News Bridging the Gap

Getting organic Welsh veg into primary school meals in Wales

Bridging the Gap pilot project in Wales aims to get more organically produced Welsh veg into primary school meals across Wales.

Food Sense Wales is co-ordinating a project that aims to get more organically produced Welsh veg into primary school meals across Wales.

Working with partners that include Castell Howell, Farming Connect Horticulture as well as a host of enthusiastic growers, the Welsh Veg in Schools project is helping to get more locally produced organic vegetables into school lunches.  

Welsh Veg in Schools is about redesigning supply chains to make them fairer and more resilient. It also builds on the commitment from Welsh Government to ensure that every primary aged child in Wales is offered a free school meal and that the food used to produce that meal, where possible, comes from local suppliers. With only around a quarter of a portion of veg per head of population being currently produced in Wales, Welsh Veg in Schools has the potential to increase the market in order to help realise this commitment.

Food Sense Wales first started exploring the procurement of locally produced veg with the ‘Courgette Pilot’ – a pilot project that involved one grower and one wholesaler and delivered nearly 1 tonne of courgettes into primary schools in Cardiff during Food and Fun in the summer of 2022. The courgette pilot was facilitated by Food Cardiff, the capital’s local food partnership, helping to bring all the partners together, including Blas Gwent, Cardiff Council Education Catering and Cardiff & Vale University Health Board public health dietetics as well as Castell Howell.

In 2023, with the support of the Welsh Government’s Backing Local Firms Fund, this procurement project developed into the first phase of Welsh Veg in Schools working with three growers across three local authority areas and supported by co-ordinators from the local food partnerships in Cardiff, Carmarthenshire and Monmouthshire.  

Now, in the Spring of 2024, Food Sense Wales has been awarded additional funding from Bridging The Gap, led by Sustain, to further scale up the work and leverage an even wider network of expertise and support. This phase of action research will work with more growers and local authorities; explore how to bridge the gap between the costs of conventional product and sustainably produced Welsh veg; and test a number of approaches to establish what a ‘sustainable investment scheme’ could look like. The aim is to develop a model that is expandable across the Welsh public sector.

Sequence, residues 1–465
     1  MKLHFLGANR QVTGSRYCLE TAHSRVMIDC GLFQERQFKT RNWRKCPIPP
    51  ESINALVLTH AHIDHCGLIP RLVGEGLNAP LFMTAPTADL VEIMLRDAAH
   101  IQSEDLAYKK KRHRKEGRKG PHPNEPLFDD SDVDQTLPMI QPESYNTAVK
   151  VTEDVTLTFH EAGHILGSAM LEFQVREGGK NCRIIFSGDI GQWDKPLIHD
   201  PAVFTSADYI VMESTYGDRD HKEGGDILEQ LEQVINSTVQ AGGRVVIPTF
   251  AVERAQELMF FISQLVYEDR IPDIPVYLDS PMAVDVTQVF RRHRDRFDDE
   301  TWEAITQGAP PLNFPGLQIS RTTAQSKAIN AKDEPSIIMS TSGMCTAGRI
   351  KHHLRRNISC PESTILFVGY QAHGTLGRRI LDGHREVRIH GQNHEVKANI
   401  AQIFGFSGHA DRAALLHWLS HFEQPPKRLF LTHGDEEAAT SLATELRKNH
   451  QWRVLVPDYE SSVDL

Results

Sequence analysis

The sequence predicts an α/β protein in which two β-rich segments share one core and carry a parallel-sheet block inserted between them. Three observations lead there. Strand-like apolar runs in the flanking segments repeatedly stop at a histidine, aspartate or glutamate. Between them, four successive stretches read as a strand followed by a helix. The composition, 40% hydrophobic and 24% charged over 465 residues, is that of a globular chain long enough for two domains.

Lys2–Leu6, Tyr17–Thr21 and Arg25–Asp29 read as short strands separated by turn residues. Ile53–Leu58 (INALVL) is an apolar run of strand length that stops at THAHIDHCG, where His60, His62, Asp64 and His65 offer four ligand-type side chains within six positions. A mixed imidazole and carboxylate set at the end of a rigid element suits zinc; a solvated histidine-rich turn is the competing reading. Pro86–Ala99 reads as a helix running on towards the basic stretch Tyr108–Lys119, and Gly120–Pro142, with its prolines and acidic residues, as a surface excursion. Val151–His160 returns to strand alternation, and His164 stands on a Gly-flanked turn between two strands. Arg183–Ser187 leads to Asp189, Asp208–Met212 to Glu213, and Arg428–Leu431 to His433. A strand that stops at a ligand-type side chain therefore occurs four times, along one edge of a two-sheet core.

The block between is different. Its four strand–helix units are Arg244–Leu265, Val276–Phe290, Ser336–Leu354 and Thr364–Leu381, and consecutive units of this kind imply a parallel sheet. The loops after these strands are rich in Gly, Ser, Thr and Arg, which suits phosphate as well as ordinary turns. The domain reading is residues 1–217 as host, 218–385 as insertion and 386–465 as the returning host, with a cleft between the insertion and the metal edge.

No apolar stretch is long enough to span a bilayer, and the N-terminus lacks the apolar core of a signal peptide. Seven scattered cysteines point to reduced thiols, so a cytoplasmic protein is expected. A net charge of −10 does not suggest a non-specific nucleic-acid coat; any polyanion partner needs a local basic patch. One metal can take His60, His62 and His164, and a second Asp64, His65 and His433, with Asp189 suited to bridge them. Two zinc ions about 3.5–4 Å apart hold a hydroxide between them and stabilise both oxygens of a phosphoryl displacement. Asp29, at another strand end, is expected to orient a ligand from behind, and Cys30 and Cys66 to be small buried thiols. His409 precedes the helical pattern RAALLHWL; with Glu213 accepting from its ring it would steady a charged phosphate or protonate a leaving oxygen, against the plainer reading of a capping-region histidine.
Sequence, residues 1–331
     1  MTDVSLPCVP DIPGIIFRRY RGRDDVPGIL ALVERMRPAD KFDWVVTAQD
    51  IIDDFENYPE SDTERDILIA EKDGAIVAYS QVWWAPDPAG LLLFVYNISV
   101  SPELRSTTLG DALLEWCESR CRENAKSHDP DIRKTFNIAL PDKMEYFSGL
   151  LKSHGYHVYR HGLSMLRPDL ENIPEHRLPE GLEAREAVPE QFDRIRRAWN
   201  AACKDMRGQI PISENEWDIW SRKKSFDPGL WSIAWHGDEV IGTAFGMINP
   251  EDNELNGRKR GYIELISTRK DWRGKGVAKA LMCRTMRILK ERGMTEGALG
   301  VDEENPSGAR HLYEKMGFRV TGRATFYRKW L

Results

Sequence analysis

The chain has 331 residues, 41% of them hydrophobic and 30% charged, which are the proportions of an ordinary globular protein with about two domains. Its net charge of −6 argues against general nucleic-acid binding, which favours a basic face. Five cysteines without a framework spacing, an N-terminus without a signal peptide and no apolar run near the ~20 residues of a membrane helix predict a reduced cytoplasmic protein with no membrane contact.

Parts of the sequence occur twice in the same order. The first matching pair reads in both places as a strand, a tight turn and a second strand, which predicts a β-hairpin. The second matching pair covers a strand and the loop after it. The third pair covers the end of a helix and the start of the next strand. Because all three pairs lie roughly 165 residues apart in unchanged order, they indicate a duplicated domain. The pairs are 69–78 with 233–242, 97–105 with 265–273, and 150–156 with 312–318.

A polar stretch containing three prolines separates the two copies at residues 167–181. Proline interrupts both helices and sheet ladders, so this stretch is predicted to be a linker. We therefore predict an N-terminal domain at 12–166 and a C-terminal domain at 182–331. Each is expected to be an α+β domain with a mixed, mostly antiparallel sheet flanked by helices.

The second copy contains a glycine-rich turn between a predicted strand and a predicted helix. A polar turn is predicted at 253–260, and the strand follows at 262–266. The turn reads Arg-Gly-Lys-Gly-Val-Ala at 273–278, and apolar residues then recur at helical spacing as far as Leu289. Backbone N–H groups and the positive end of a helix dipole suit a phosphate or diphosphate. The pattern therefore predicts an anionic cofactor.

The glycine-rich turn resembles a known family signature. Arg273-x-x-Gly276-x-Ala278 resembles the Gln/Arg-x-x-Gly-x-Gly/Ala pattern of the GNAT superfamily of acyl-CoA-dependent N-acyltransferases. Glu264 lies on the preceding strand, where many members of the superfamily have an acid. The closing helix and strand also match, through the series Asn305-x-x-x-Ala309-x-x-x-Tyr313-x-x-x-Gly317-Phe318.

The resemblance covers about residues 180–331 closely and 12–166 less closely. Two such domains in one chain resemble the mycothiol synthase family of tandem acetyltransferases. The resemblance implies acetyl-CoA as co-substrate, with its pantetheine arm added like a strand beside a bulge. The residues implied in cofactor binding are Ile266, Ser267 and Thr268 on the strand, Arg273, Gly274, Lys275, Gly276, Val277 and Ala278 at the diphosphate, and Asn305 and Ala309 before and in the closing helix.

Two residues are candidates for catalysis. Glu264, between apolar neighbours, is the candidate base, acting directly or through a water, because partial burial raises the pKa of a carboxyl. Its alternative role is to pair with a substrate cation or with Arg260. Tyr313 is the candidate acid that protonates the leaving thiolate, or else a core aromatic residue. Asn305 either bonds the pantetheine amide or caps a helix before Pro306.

By supporting agroecological organic farming, this project is giving growers and farmers a new or alternative key income stream as well as offering opportunities for children to connect with nature and farming through visiting local growers. 

“At its heart, Welsh Veg in Schools is about getting sustainably produced, local veg into schools to nourish children via their school meals – the more progress we make, the more benefit we can deliver to them,” says Katie Palmer, who heads up Food Sense Wales.

“We aren’t producing enough veg in Wales and we need to be building our own supply base bringing benefit to local communities and reducing our reliance on imports through connecting local growers with local wholesalers and fostering relationships that help businesses flourish."

Edward Morgan from Castell Howell adds:

“As intermediaries in the supply chain, delivering to some 1000 schools across Wales, we recognise the importance of restructuring the way food is sourced. Working in collaboration with likeminded stakeholders, enthusiastic farmers, growers and committed customers is critical to achieve our shared ambitions, not only delivering Welsh grown veg, but delivering information and discussing risk and opportunities with a high level of transparency. We’re proud to be a part of an initiative that has evolved from supplying a tonne of courgettes in 2022 and look forward to seeing this continue to develop to something substantial.”

Hannah Gibbs from Bridging The Gap is also excited to be supporting Welsh Veg in Schools. “We’re delighted to be supporting this pilot to further develop and build out its evidence base for how we can ensure we get more locally produced sustainable fruit and vegetables into public food supply chains. This fantastic partnership also offers us great opportunities for shared learning across Bridging the Gap’s other schools’ pilots in Scotland and England.”

  • Find out more about Bridging the Gap: 
  • Find out more about Food Sense Wales: 

Published Tuesday 7 May 2024

Bridging the Gap: Bridging the Gap to climate and nature friendly food for all.

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